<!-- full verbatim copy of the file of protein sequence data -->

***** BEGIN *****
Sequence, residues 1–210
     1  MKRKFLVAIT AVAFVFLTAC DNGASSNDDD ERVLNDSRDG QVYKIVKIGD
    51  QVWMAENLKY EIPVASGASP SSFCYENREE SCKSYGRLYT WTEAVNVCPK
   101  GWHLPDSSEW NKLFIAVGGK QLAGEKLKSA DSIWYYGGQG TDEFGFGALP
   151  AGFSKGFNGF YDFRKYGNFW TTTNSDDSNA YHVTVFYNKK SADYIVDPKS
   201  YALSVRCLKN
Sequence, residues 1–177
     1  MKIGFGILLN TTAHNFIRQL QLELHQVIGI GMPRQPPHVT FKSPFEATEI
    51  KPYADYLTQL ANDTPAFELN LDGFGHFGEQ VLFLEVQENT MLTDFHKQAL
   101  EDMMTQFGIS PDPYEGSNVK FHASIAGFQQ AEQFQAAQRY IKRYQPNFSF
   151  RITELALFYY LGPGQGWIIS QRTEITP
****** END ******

Sequence, residues 1–210
     1  MKRKFLVAIT AVAFVFLTAC DNGASSNDDD ERVLNDSRDG QVYKIVKIGD
    51  QVWMAENLKY EIPVASGASP SSFCYENREE SCKSYGRLYT WTEAVNVCPK
   101  GWHLPDSSEW NKLFIAVGGK QLAGEKLKSA DSIWYYGGQG TDEFGFGALP
   151  AGFSKGFNGF YDFRKYGNFW TTTNSDDSNA YHVTVFYNKK SADYIVDPKS
   201  YALSVRCLKN
Sequence, residues 1–177
     1  MKIGFGILLN TTAHNFIRQL QLELHQVIGI GMPRQPPHVT FKSPFEATEI
    51  KPYADYLTQL ANDTPAFELN LDGFGHFGEQ VLFLEVQENT MLTDFHKQAL
   101  EDMMTQFGIS PDPYEGSNVK FHASIAGFQQ AEQFQAAQRY IKRYQPNFSF
   151  RITELALFYY LGPGQGWIIS QRTEITP